RNLI celebrates 200 years of saving lives on coast
March 4, 2024

The Royal National Lifeboat Institution has celebrated its 200th anniversary this month (March 4) continuing volunteer lifesaving at sea which had started in Yorkshire at a much earlier date.

Long before the days of the RNLI began in 1824, lifeboats were built by Yorkshireman Henry Greathead, who had moved to South Shields, County Durham.

Filey said goodbye to its all-weather lifeboat in 2021 but now has a new B-class inshore rescue boatWhitby's newest lifeboat arrived in 2023RNLI organises seasonal lifeguards at some coastal locationsThe Humber lifeboat at Spurn PointRedcar, at the northern point of Yorkshire's coastline, now has an RNLI station, but the town's original lifeboat "Zetland" dates back to 1802, some 22 years before the RNLI was formed.

The Redcar lifeboat was the 11th of more than 30 boats built by Henry Greathead — a large open wooden rowing vessel which saved 500 lives in its 78-year service. It is now the world's oldest surviving lifeboat and is still housed in an old lifeboat station in Redcar which now charts its history as a museum.

The Yorkshire coastline stretches for more than 100 miles and the RNLI has lifeboat stations at Redcar, Staithes, Whitby, Scarborough, Filey, Flamborough, Bridlington, Withernsea and the Humber Lifeboat at Spurn Head. The RNLI also organises seasonal lifeguards at some coastal locations. There are also indpendently-funded rescue boats, not part of the RNLI, at Runswick Bay, in the former RNLI station there, and at Hornsea.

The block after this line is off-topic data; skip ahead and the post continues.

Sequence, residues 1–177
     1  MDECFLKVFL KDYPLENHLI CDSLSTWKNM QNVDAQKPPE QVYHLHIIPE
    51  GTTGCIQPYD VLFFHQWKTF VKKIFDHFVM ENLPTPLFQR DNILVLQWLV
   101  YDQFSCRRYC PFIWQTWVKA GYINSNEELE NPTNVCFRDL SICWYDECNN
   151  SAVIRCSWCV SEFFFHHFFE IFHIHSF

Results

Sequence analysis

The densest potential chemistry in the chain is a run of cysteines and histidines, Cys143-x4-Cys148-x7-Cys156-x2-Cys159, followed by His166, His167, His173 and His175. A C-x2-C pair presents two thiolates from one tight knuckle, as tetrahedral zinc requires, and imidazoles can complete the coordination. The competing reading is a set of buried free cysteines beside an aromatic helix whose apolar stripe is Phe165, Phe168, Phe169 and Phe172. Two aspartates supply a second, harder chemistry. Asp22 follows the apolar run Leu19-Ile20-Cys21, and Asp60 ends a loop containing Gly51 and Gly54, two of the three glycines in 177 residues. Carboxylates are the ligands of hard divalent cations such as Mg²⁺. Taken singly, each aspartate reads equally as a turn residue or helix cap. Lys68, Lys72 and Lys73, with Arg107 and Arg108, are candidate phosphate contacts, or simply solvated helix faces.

Much has changed over the 200 years of the RNLI as new lifeboats have come and gone and heritage lifeboat stations have been replaced with more functional modern buildings, but the service has gone on to save 146,277 lives at sea around the UK and Ireland over the two centuries, many of those off the Yorkshire coast.

One of those great acts of lifeboat heroism is recorded with a plaque in Robin Hood's Bay. In January 1881 the sailing brig Visitor ran aground on the rocky coast of Robin Hood's Bay in a violent storm. The Whitby lifeboat was hauled by horses 6 miles over the hill to Robin Hood's Bay through snowdrifts up to 7 feet (over 2 metres) deep as 200 local people and lifeboatmen cleared the way to launch in the village and save the stricken crew.

Find out more about the RNLI 200 years anniversary at the  RNLI website.

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